I reserve ruling on the causation element based on my order regarding Best Buy's argument about Morgan's expert's qualifications. I will address this issue after Morgan files her supplemental opposition.

         Best Buy moves for summary judgment on Morgan's past and future economic losses and future medical damages. Best Buy's damages expert evaluated Morgan's wages, medical records, and ability to work.[29] He concludes that Morgan has no past or future economic loss.[30] Best Buy also contends that Morgan does not have an expert on any of her damages claims so she cannot establish their existence. Morgan responds that she has medical bills, lost wages, and future economic and medical damages because of her injuries.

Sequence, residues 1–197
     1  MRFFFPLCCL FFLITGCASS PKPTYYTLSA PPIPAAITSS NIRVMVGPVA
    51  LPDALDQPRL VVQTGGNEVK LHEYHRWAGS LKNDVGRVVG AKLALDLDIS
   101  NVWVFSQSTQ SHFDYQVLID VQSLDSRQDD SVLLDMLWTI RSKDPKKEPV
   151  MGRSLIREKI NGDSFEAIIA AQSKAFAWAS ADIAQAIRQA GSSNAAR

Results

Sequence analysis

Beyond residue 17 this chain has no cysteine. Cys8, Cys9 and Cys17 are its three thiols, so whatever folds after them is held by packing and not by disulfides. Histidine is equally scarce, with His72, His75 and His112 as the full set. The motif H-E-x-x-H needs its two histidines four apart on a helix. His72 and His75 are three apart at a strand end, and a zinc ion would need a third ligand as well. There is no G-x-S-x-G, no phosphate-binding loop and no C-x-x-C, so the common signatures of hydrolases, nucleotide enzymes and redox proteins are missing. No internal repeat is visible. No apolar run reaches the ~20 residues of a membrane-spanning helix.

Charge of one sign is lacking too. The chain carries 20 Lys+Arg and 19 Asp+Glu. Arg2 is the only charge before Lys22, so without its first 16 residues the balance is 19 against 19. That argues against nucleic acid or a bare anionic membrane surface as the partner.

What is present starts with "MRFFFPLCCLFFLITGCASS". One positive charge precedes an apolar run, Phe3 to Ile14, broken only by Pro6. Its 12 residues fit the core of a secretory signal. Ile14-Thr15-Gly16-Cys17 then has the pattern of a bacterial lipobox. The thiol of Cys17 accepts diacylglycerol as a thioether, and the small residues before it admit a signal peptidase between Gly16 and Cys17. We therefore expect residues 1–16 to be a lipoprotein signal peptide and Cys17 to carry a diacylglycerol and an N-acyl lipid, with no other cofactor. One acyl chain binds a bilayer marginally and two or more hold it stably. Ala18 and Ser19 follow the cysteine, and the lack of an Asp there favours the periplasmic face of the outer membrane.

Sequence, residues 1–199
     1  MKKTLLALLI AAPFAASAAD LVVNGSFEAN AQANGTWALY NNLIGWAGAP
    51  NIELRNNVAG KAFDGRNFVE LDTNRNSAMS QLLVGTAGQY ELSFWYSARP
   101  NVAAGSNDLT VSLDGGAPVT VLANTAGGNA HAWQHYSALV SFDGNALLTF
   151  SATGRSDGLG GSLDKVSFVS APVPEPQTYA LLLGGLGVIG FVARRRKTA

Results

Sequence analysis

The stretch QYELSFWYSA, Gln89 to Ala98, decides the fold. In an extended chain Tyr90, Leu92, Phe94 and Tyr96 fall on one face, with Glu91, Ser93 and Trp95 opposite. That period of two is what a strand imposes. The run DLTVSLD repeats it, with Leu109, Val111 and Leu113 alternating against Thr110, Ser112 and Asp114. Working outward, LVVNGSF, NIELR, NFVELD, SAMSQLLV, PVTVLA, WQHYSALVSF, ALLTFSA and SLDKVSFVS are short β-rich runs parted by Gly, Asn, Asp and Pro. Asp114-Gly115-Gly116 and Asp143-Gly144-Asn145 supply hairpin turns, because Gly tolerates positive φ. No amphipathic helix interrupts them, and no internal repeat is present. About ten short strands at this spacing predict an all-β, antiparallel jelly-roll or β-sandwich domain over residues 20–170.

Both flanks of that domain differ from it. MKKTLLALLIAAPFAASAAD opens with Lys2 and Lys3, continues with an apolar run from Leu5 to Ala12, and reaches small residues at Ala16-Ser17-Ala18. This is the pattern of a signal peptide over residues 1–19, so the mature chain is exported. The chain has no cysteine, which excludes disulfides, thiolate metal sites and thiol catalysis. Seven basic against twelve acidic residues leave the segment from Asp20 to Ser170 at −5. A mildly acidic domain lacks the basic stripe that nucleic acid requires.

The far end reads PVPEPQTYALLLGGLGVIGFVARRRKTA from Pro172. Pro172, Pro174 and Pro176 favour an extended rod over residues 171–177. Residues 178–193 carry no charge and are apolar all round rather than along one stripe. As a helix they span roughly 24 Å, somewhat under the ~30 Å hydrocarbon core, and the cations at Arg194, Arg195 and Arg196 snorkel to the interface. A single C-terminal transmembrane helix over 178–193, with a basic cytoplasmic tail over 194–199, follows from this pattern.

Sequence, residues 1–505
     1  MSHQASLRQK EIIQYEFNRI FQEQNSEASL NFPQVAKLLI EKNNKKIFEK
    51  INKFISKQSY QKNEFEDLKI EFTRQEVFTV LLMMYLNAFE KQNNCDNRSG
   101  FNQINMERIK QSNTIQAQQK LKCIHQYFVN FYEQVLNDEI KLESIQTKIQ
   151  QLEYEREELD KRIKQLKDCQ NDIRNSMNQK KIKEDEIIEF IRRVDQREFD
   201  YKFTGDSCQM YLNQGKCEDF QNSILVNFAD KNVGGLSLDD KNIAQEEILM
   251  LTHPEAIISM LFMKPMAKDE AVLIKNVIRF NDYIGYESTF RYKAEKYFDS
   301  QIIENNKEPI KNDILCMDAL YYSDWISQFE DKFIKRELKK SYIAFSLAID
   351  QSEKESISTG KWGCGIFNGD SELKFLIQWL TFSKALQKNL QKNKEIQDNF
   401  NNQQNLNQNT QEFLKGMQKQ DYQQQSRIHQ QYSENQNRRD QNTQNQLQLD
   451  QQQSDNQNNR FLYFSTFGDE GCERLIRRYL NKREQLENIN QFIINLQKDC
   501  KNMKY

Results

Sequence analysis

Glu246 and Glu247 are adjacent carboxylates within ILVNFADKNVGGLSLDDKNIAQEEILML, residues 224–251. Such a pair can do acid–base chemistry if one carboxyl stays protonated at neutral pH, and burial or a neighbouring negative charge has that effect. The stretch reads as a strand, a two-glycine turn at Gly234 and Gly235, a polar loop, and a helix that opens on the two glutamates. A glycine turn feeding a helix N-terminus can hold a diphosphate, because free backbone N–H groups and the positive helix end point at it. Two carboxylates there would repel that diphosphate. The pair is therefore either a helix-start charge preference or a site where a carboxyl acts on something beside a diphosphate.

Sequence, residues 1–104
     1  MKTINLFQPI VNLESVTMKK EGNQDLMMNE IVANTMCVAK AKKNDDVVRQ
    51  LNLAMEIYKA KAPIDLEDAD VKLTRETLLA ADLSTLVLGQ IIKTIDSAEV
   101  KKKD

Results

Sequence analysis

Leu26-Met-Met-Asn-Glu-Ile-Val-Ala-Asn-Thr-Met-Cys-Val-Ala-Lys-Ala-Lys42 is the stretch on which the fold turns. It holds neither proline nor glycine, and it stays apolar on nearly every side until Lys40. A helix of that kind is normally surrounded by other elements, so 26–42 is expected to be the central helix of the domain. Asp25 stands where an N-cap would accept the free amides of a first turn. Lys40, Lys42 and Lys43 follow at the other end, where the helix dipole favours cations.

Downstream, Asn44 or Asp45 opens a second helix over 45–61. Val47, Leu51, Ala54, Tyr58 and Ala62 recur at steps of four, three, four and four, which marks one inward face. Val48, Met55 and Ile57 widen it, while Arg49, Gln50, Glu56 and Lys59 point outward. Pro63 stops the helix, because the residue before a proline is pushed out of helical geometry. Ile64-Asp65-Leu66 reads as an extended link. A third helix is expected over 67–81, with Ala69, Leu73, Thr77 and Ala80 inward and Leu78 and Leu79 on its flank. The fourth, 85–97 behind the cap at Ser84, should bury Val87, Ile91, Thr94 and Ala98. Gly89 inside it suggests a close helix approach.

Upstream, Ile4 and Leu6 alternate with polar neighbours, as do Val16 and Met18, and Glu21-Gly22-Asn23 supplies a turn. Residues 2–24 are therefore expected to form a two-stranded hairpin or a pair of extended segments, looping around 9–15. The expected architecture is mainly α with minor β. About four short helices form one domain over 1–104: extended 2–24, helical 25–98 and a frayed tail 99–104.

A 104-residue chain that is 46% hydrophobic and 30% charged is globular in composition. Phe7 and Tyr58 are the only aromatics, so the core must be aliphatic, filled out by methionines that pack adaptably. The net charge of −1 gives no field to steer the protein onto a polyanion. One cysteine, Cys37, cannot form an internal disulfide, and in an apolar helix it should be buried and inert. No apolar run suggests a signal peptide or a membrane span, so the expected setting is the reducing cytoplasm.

There is a genuine issue of material fact as to past economic losses.[31] Morgan's wage statements have shown a slight decrease in her earned commission since the accident.[32] Thus, viewing the evidence in a light most favorable to Morgan, a reasonable ...